Tuesday, November 8, 2011

I liked living in the Mid-West.  Just an opinion, but people seem nicer, life seems slower... 

Lt. Ashley White, Alliance, Ohio

U.S. Army First Lieutenant Ashley White, 24, of Alliance, Ohio, assigned to the 230th Brigade Support Battalion, 30th Heavy Brigade Combat Team, North Carolina National Guard, based in Goldsboro, North Carolina, died on October 22, 2011 in Kandahar province, Afghanistan, from wounds suffered when insurgents attacked her unit with an improvised explosive device. She is survived by her husband Captain Jason Stumpf, her parents Robert and Deborah, brother Josh, and twin sister Brittney.

A Tribute To Ashley

"...Ashley was a true warrior. A member of a Cultural Support Team, she worked in support of Special Operations units and exposed herself to danger on a regular basis. She was a member of only the second class of this elite female team and you can bet that in the decades to come she will go down in history as a trailblazer for women warriors everywhere.

Ashley, by her family’s account, loved being in the military. What struck me most about the obituary in the Fayetteville Observer was the pride her family felt in her service...

...I’m sure there will be those who will gnash their teeth and spout idiocy about how we can’t have America’s daughters coming home in body bags…that war is too dangerous for women…that women don’t belong in special forces. Well Ashley, by her bravery, proved they do. I know she wasn’t on a Special Forces team. Those are for men. But equality doesn’t always mean replication. The Cultural Support Teams are the first iteration of women forging their own unique special forces function and have no doubt it will grow from there. Just as SEAL teams grew from the WWII Scouts and Raiders, OSS Operational Swimmers and Underwater Demolition Teams.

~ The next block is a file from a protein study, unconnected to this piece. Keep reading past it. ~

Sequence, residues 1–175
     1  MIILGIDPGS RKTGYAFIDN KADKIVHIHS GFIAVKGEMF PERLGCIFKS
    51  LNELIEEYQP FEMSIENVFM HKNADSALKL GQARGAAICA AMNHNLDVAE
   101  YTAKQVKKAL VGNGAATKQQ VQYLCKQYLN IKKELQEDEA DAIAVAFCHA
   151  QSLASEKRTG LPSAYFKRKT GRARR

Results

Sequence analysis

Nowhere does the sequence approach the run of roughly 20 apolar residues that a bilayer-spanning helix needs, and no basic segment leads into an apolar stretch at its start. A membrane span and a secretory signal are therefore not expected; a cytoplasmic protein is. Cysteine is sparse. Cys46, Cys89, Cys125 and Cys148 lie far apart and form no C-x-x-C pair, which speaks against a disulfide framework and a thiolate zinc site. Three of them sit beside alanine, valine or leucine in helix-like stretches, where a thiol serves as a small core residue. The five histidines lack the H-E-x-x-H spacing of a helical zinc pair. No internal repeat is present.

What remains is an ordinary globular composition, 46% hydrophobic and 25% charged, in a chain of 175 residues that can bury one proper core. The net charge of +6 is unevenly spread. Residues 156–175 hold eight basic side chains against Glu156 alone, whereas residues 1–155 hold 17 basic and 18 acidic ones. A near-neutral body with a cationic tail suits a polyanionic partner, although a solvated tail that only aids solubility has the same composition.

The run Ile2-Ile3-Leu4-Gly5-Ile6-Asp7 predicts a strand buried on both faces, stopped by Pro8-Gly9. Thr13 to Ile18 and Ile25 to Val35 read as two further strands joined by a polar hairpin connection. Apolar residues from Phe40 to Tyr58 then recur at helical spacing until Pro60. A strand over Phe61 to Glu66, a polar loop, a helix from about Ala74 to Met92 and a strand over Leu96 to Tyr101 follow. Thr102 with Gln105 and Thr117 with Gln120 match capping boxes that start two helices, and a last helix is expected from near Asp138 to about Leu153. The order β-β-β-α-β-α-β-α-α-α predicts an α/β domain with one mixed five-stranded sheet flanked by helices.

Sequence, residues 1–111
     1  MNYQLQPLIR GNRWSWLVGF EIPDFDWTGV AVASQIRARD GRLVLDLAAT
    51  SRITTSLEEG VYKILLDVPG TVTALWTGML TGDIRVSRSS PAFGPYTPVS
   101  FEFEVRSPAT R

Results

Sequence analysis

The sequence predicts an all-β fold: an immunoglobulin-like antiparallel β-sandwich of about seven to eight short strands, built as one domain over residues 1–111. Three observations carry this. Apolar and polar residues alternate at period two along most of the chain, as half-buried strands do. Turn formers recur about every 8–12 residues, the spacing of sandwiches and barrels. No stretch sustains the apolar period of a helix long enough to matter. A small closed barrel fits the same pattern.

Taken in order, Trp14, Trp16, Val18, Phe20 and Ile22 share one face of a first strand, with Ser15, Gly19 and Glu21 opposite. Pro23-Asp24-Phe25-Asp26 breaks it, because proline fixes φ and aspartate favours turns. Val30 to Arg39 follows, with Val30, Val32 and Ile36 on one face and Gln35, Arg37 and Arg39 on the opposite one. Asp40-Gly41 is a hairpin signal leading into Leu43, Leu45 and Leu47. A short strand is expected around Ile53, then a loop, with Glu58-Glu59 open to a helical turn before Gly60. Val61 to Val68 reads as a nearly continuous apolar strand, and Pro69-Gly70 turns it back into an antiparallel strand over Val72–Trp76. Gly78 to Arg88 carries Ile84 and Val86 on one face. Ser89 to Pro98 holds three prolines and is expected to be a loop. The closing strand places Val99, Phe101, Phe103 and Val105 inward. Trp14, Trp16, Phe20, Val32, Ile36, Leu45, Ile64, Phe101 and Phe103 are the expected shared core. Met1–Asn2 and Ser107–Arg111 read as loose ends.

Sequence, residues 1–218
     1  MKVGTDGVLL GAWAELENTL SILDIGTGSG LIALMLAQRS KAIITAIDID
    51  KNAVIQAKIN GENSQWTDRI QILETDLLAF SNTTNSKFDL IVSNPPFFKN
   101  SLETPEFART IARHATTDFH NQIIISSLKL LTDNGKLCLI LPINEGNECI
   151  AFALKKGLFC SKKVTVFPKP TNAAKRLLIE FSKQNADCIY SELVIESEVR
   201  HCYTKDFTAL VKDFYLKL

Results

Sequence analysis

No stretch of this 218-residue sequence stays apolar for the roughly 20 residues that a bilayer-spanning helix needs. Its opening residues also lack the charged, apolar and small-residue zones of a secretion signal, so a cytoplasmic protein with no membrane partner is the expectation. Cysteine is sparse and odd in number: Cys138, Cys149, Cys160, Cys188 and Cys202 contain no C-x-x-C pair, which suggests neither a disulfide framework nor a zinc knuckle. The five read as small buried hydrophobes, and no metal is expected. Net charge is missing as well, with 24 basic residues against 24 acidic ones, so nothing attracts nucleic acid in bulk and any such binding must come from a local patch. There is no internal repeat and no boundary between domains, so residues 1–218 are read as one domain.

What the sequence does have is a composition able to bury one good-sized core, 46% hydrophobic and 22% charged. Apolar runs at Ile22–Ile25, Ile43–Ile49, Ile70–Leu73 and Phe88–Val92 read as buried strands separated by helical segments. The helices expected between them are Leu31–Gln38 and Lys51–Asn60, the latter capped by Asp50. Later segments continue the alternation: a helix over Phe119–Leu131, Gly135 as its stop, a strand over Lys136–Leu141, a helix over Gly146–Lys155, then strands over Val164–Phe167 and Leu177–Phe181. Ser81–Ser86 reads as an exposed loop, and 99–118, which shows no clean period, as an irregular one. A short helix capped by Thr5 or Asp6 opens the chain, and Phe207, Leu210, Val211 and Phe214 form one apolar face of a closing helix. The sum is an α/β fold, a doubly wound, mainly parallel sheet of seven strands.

I feel a special kind of grief for 1st Lt. White. I wonder with a start like she had and with her obvious love for her job what she could have been. I wished she had survived to blaze more trails for our sisters in uniform. But she leaves a legacy. And that legacy is a message to the rest of us. This business we have undertaken can be cruel and the losses linger on in perpetuity. But the honor and the sense of purpose and selflessness that comes with taking on the mantel of defending ones nation is a gift. Ashley was out there, side by side with some of the baddest-ass guys we have. And she made a difference. She gave it everything she had and I am so proud that we girls have someone like her to point to and say, “see?”..."


Woodsterman (Odie) said...

Thank you Ashley ... Welcome Home!

Mrs. Bannon said...

Funny that you posted this - while I was voting this morning, although disappointed by the lack of "security" for my vote by not checking IDs, I was filled with excitement about the process of voting and having a voice and the freedom to record that voice...freedom only because of people like Ashley. Great post babe.